Wednesday, September 24, 2008

The US Needs a New Deal

The Paulson bailout is a Cheneyesque power grab. It won't work and it will allow the Bush government to rob the country blind.

The Paulson bailout is the bluntest of blunt instruments. The only way it can work, according to Paul Krugman, is if the government wildly overpays for the toxic assets. And that means that the money, or at least most of it, will never be recouped. It's a $700 billion handout to Wall Street, and a handout that's totally at the discretion of the crooks in Washington - who still haven't accounted for billions that went missing in Iraq or the billions more that were given to friends in untendered war-related contracts.

In addition, the bailout addresses the symptom - the credit crunch - instead of the cause: defaulting mortgages. Even if they could fix the crisis of the moment, the defaulting mortgages are predicted to cause a series of additional crises over the next two years.

So what if, instead, the government put together a bundle of remedies that address the cause. For example:

* Purchase some perecentage of mortgages that are in danger of defaulting, and guarantee a low interest rate.
* Address the credit crunch directly, by making money available for loans.
* Instead of handing free money to financial firms, get stock in return (this is the "Dodd plan").
* Enact temporary emergency regulation to stabilize Wall Street. The problem appears to be that all the investment banks are trying to dump toxic assets at the same time. Stop that.
* Provide a big incentive package to help the middle class. Like the New Deal, this could hire workers to improve infrastructure. Or other, newer initiatives... think of it this way: we're thinking of spending hundreds of billions of dollars to fix this mess. With that kind of money we can do something more beneficial than making rich guys richer.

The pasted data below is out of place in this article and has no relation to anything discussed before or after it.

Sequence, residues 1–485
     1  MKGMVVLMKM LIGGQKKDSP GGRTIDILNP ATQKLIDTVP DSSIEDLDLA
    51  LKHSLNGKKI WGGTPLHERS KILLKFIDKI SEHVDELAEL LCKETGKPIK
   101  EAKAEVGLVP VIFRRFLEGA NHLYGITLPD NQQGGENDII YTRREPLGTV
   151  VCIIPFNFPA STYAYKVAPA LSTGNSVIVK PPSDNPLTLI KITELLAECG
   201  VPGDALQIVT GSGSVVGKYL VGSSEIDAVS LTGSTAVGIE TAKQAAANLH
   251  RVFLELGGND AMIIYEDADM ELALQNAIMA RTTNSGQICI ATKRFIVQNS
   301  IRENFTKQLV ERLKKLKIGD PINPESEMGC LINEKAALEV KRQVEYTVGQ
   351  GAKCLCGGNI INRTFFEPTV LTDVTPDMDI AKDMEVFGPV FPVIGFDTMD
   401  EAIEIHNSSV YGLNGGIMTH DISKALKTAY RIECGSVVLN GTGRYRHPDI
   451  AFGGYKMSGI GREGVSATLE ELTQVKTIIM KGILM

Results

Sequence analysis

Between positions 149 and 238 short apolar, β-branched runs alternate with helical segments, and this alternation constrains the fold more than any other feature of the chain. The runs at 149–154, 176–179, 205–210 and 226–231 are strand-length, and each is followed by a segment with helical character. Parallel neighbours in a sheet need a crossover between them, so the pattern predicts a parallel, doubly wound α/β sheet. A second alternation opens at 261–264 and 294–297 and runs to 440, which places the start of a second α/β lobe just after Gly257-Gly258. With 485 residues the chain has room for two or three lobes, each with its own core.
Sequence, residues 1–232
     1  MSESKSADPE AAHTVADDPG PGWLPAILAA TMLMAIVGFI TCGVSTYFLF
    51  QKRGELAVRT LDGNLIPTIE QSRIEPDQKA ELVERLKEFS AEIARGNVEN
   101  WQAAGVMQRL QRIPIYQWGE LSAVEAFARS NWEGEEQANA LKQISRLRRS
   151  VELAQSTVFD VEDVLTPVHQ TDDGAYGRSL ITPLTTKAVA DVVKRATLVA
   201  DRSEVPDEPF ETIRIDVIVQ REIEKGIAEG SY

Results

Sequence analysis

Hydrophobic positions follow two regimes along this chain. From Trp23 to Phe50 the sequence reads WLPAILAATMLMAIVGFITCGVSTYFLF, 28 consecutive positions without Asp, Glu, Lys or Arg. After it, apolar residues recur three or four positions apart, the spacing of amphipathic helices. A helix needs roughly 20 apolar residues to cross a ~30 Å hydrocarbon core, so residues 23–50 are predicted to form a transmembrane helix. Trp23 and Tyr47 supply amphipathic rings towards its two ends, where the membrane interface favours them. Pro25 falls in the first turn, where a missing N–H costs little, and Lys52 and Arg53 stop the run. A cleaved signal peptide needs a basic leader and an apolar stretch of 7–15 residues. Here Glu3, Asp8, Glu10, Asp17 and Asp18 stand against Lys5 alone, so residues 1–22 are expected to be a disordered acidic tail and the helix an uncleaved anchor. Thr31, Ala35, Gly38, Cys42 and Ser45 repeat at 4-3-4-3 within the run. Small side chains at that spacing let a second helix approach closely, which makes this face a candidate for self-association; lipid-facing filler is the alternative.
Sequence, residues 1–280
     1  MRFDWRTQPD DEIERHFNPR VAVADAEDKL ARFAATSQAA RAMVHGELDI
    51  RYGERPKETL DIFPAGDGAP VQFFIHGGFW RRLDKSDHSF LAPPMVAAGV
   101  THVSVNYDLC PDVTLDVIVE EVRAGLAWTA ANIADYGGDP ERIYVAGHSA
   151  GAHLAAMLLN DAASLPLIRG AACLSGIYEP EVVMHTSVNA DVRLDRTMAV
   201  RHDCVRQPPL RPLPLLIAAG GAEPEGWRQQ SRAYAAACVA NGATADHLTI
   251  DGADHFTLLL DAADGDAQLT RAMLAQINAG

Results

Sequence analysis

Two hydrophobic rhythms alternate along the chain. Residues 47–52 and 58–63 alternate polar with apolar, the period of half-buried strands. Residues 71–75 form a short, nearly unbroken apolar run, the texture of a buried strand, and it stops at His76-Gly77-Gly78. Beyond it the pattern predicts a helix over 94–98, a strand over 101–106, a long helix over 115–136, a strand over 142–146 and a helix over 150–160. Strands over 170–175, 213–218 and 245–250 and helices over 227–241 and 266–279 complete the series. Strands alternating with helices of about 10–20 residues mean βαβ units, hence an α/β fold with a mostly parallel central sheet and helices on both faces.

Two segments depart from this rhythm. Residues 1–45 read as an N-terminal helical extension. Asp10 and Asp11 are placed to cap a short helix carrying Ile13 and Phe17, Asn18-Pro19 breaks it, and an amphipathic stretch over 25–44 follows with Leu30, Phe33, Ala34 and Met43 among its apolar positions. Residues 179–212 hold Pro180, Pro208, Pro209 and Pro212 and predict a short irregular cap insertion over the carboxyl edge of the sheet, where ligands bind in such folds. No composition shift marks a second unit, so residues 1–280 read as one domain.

The Mound of Sound said...

I think, YDD, that the core problem precedes mortgage default. It's housing speculation and, to a lesser degree, it's caused widespread dislocation - economic and social - whenever it's been allowed to get out of control.
Housing should never, capital N Never, be permitted to become a speculative commodity. It always leaves too many broken, little people in its wake when that happens.

Yappa said...

Hi MOS - I don't see how you can prevent it though. I remember back in 1990, just before the crash, all kinds of people were buying up houses in Toronto because the prices were rising so fast. I had a bunch of colleagues who lost their shirts. But my friends in Manhattan who got into the housing market have made out like bandits.

But buying hosues in the housing bubble was about survival as well as speculation. If I rent in an unregulated market and housing prices are rising rapidly, my rent will probably rise. If I buy a house I can stabilize my housing costs. My mortgage might be large, but if the value of my house continues to rise my debt-to-asset ratio declines. People got hit with falling house prices as well as two-tier interest rates.